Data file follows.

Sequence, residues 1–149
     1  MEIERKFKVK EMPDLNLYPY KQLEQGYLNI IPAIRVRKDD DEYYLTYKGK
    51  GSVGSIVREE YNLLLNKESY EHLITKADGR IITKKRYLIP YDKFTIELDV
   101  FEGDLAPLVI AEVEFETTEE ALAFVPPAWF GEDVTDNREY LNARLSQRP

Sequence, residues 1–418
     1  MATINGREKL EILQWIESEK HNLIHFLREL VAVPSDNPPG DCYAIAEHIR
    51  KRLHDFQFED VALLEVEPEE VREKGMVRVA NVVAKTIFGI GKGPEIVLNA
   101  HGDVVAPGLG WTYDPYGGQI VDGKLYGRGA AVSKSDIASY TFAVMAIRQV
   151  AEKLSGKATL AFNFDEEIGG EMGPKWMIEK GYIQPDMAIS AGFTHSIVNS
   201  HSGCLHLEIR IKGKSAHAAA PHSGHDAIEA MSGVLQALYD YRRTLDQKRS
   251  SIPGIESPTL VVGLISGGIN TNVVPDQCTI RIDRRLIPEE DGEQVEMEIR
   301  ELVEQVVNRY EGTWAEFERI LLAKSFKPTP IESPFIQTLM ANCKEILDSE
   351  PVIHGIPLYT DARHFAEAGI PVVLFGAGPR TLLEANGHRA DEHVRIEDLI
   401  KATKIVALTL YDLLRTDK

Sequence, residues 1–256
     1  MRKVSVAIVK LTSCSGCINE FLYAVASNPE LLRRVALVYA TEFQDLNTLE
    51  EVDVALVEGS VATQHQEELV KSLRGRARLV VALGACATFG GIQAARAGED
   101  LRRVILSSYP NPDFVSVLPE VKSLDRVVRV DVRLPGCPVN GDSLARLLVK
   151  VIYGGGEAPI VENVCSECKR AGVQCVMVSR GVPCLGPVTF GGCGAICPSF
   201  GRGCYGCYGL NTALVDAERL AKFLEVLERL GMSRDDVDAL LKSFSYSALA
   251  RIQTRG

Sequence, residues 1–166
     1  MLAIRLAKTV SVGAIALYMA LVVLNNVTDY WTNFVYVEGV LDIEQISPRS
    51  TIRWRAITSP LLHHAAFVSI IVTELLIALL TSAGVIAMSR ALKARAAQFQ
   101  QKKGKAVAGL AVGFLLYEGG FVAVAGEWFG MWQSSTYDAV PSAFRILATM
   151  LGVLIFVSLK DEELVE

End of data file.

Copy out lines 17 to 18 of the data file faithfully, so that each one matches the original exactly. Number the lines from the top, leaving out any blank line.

    51  EVDVALVEGS VATQHQEELV KSLRGRARLV VALGACATFG GIQAARAGED
   101  LRRVILSSYP NPDFVSVLPE VKSLDRVVRV DVRLPGCPVN GDSLARLLVK